- Derek Piotr and Paul Heslin are email collaborating producers (isn’t that the thing to do, now?) and their collection of arty techno beats, DIY instrumental sounds and collages of found sound are pretty cool. There’s a similarity in approach and playfulness of intent to Matmos’ last album, The Marriage Of True Minds. That was pretty good and so is this. (Chris Cobcroft)

Pollen Trio: Wreck (Wood and Wire)
- Pollen Trio sometimes sound like a bootleg of a bass music gig. Extreme low-fidelity sub-bass shudders threaten to overwhelm what would otherwise be pleasantly ambient synth treble loops. Here they sound like they’ve been stuffed in a canvas bag and are sinking towards the ocean floor. At other times PT sound like Zach Hill and The Boredoms having an argument over who blew the PA. If that sounds like your sort of thing, great! (Chris Cobcroft)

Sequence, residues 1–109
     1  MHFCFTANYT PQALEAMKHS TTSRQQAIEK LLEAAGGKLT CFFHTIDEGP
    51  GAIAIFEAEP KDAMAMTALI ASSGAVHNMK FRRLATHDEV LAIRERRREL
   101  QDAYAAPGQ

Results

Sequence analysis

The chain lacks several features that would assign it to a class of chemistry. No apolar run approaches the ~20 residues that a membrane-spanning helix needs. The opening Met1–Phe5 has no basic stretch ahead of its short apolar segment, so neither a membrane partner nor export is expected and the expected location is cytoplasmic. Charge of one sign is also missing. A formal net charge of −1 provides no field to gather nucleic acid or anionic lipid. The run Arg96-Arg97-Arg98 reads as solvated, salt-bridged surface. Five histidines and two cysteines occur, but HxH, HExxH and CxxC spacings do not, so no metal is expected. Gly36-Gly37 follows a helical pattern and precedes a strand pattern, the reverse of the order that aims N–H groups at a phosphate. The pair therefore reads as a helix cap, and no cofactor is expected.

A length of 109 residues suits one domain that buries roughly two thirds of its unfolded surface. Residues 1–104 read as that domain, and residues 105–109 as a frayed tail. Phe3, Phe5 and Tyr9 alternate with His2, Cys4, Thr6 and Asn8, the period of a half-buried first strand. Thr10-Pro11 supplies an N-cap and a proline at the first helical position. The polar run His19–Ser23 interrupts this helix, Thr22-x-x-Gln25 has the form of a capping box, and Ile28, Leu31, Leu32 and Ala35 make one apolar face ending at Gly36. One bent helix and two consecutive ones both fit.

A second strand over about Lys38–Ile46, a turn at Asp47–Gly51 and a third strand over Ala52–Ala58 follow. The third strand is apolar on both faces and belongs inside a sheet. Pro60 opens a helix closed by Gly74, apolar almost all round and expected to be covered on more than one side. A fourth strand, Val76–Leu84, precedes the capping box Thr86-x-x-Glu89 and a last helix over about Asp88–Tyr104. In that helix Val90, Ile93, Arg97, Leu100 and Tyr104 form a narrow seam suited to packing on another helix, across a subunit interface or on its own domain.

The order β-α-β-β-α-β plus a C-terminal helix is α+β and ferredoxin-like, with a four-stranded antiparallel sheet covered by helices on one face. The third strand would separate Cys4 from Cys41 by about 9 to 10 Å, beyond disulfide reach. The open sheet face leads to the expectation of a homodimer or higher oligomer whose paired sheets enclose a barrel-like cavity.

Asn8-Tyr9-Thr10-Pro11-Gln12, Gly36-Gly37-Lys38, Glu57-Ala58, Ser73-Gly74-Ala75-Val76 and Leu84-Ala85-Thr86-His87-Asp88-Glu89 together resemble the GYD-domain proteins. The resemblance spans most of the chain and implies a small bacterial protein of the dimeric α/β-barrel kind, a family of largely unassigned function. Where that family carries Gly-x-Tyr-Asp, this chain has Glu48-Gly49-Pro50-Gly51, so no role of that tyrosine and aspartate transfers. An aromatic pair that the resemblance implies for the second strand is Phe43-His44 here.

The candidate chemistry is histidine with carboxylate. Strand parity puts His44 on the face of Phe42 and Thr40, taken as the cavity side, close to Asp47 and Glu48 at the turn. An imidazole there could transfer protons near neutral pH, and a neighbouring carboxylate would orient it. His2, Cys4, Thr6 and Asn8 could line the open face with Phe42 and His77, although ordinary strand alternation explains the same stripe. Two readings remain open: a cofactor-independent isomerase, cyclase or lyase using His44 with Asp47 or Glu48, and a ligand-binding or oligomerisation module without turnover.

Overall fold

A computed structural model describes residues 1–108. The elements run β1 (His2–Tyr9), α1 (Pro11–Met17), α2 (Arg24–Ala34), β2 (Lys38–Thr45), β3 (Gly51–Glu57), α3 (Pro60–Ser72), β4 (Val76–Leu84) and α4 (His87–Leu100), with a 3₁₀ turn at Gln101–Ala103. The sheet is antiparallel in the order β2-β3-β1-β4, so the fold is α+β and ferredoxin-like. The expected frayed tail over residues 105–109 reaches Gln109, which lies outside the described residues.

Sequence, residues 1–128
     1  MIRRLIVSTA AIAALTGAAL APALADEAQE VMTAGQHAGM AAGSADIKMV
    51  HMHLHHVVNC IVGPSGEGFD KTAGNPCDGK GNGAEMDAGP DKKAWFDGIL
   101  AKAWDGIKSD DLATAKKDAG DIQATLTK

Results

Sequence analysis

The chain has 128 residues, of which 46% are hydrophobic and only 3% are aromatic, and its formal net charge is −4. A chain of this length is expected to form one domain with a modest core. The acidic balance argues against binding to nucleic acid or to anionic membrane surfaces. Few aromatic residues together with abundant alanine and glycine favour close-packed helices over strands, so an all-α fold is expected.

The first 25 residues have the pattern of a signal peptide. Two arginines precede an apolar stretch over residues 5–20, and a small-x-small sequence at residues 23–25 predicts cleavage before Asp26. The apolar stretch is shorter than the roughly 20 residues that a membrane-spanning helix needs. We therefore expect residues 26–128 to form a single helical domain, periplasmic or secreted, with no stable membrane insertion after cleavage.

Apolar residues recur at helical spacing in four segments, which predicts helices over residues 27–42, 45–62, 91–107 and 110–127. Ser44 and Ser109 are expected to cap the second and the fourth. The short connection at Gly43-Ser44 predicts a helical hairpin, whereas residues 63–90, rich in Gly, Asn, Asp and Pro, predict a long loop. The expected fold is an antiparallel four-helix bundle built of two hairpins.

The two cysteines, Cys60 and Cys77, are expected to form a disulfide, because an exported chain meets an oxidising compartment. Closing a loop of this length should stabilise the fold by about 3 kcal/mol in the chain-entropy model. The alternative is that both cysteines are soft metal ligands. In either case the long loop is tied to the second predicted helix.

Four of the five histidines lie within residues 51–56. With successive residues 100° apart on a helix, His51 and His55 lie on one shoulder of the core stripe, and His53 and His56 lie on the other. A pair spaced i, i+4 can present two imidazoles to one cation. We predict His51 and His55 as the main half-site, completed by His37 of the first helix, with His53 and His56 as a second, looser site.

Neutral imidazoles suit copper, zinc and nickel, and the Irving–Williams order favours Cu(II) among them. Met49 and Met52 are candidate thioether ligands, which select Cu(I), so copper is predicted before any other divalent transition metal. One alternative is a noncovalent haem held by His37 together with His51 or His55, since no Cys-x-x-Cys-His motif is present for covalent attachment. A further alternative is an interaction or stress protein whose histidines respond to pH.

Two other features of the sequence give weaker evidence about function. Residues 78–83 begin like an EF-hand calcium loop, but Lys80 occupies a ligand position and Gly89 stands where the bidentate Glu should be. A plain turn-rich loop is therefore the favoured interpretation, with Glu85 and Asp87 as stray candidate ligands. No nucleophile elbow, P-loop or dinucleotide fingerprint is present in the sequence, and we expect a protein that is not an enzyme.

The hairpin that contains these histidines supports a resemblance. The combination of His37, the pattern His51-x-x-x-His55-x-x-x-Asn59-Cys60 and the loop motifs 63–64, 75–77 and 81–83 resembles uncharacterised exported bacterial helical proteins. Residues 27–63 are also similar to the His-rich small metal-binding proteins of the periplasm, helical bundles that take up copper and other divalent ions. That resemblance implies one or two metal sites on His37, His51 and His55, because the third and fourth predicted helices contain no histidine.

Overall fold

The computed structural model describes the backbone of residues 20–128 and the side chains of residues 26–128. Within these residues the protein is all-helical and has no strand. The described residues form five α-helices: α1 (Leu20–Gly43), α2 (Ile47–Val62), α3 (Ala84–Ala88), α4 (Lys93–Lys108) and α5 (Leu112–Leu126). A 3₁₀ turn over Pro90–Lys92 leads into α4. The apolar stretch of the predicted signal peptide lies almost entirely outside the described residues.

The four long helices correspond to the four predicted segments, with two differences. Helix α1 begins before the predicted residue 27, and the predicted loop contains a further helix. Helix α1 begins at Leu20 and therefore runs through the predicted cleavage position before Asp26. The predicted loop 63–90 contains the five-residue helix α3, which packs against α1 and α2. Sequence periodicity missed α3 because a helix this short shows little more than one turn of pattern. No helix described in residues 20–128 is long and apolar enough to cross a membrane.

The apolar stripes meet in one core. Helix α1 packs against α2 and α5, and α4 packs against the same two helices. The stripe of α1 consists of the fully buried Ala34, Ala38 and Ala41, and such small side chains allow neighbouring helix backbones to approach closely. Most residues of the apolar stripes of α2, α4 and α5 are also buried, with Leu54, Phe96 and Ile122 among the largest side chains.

Rainbow Chan: Milk (Cassius Select Remix) (Single) (Silo Arts)
- Rainbow Chan gets the treatment from one of my favourites, Lavurn Lee, aka Cassius Select. Employing his now trademark style, Lee transforms Chan’s single Milk into a propulsive techno tune, with subtle but infectious African influences working their way into the syncopation. Excellent. (Chris Cobcroft)

Reverse Polarities: Desensitised (Single) (Big Village)
- Single in support of the tour. Consistently one of my favourite Australian hip hop crews. They bring a great balance of conscious hip hop, great skills & a complete lack of b-s in their approach to music.The soulful chorus in this is pretty hard to beat, too. (Chris Cobcroft)

Scenic: Ride The Thrill (Single) (Future Classic)
- You may have felt the ripples of the international waves these Perth kids have been making. Previously signed to Tigersushi, their latest stuff is on FC, and it is brim full of psychedelic beats. They give a big thumbs up to Jagwar Ma, but you’ll also hear snatches of other folks they like, such as Air and Primal Scream. However, while this pays homage to the past, there’s something unique in the way the psych meets electronica here, and it’s pretty exciting. (Chris Cobcroft)